Who Tells Your Story?

I grew up watching infomercials in the 90’s of Sally Struthers “Save the Children Campaign”.  The visual was of small malnourished children with flies on their faces, surrounded by garbage. I didn’t think much beyond the story I was given about those children or of Africa. I believed what I saw.  I walked away beleiveing Africa was a scary place where people where dying. The sad part of this, I was not alone.

I never thought to ask, “Is this true?” or “What else DON’T I know about these children. The answer, EVERYTHING.

As I grew up I began to think more critically and listened to the scholars, intellectuals and people around me. I realized we were all fed one story and it was damaging not only to the children Sally asked us to save but to anyone who believed there was only one story to be told. It’s not that it was untrue, but was it complete?

Like anyone of you reading this you know one photo of you, one Facebook post cannot tell the entire story of who you are. If its a photo of you at your most vulnerable then there is a very real chance people can walk away with a narrative about you that does not honor you as whole and boxes you into that one difficult challenging moment. That doesn’t seem fair does it?

For the people of Africa in particular this one story has been on a loop for decades. A loop creating the story that all of Africa is starving, dying and in struggle.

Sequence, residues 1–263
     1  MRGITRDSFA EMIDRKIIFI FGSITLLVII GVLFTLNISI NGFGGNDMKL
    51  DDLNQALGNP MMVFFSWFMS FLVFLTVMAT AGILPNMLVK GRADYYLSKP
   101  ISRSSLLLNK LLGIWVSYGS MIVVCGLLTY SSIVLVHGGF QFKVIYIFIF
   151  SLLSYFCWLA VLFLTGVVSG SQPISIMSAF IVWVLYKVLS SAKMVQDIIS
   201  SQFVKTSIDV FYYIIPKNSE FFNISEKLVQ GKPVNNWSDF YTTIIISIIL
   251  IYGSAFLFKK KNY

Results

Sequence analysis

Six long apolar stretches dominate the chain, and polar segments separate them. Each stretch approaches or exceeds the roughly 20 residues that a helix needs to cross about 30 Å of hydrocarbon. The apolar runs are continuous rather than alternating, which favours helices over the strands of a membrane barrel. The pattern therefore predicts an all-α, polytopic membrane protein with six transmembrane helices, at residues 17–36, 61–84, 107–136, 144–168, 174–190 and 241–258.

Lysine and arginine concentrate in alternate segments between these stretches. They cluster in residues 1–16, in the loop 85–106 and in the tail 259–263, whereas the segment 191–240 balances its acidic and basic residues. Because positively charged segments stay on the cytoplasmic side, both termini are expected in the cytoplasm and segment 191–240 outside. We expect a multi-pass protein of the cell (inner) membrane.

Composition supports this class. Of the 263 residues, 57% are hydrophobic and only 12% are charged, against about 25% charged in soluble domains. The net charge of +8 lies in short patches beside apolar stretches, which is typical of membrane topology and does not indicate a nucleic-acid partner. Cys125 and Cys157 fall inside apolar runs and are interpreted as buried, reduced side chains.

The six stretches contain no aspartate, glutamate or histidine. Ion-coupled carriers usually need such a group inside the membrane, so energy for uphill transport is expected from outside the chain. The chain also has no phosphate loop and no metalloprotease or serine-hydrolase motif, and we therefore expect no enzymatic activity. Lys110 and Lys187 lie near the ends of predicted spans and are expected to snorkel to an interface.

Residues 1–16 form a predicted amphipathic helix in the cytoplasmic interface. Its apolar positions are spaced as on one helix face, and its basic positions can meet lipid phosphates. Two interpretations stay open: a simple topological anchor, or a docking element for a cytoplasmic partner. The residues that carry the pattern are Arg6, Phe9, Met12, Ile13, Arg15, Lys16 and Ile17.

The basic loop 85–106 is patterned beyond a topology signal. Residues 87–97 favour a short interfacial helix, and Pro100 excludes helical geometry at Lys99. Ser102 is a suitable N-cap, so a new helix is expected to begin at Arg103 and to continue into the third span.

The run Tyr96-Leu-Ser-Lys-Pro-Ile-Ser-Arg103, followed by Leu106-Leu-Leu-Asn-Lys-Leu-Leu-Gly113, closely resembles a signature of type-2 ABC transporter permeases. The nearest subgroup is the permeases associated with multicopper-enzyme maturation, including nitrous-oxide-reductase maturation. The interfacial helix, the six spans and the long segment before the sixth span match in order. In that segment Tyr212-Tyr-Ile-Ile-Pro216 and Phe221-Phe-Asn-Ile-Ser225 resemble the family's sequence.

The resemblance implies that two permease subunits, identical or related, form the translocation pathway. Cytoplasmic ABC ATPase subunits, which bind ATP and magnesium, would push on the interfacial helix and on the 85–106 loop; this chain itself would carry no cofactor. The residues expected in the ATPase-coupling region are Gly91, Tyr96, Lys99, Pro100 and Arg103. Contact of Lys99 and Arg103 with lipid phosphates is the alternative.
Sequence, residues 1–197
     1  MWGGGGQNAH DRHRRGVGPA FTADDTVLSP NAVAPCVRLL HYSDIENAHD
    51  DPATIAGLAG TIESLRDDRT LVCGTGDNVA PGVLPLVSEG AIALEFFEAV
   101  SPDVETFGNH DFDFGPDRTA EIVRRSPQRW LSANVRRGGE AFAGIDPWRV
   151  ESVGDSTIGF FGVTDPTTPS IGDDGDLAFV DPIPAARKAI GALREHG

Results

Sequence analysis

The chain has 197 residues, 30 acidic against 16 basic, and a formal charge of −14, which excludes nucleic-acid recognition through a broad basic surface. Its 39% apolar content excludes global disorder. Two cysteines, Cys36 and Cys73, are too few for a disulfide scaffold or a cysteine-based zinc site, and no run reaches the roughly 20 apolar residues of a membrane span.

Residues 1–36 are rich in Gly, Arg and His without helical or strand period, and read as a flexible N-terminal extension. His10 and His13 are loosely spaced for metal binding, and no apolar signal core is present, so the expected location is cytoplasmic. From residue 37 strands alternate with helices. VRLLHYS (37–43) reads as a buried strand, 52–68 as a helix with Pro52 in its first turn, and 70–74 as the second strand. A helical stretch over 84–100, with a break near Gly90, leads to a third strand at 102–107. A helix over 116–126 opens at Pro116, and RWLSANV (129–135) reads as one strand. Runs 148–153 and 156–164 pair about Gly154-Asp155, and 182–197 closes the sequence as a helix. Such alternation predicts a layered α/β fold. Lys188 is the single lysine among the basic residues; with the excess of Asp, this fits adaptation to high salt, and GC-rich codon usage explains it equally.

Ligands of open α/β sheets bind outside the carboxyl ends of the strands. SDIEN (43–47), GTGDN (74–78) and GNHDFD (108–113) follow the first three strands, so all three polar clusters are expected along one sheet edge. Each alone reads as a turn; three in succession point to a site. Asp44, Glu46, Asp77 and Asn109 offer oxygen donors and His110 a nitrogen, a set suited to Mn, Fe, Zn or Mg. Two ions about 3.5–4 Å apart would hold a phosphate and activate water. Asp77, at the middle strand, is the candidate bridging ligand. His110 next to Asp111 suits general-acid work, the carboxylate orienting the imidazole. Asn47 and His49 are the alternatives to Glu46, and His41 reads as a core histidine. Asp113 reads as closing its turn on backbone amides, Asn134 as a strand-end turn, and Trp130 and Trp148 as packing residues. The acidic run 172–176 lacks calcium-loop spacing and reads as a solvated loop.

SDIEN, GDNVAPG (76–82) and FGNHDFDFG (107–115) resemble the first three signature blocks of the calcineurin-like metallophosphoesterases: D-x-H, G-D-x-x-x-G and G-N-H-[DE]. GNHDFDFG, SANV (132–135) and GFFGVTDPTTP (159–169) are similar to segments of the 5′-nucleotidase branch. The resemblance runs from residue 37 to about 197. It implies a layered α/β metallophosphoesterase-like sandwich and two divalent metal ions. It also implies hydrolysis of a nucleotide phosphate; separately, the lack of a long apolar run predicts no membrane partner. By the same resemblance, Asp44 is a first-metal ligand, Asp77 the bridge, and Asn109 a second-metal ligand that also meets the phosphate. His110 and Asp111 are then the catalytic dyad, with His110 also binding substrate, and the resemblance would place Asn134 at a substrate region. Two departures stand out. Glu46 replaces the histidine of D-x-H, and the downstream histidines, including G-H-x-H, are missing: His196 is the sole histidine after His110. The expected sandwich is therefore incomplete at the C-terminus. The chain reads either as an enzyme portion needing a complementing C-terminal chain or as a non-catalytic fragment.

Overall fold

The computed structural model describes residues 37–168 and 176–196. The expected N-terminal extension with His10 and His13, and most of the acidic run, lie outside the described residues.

My goal in creating portraits for my VOICES project which I started during a long time dream trip to kenya was to let the subject take control of the narrative. We each know who we are beyond our circumstances and it is so much greater than most people can tell from a photograph. The women  I photographed represent life from, the slums of Kibera to the beaches of Mombasa. Small business owners, caretakers and scholars. Rather than go to a continent and country I have never been and impose a visual story upon it & it’s people with my camera, I chose to leave the story telling in the hands of the women I met.

I asked women from all over Kenya to choose 3 words to describe themselves. I asked, “How would you like to be seen?” This is a question I ask all my clients before a photoshoot because the one truth I know is, the beauty of WHO you are is WHAT I see.

These women shared how they see themselves at the core, how someone who loves them might describe them.  The results are the following images.

Voices Kenya

Pamela(far right), a small business owner and Kiva zip loan provider seen here with her friends and business owners Jane (left), and Benta (middle) from Kibera, Kenya.

Girls on Fire Leaders

Girls on Fire Leaders: Deborah Odenyi, Head Mistress at SHOFCO School for Girls. Mama Rose, life and love giver at Kibera Safe House for Girls. Rubie Ruth, leader at Ubuntu Brand Nonprofit.

Women from Tuele Orphanage in Ambaseli, Kibera, Kenya, and Mombasa, Kenya.

Women from Tuele Orphanage in Ambaseli, Kibera, Kenya, and Mombasa, Kenya.

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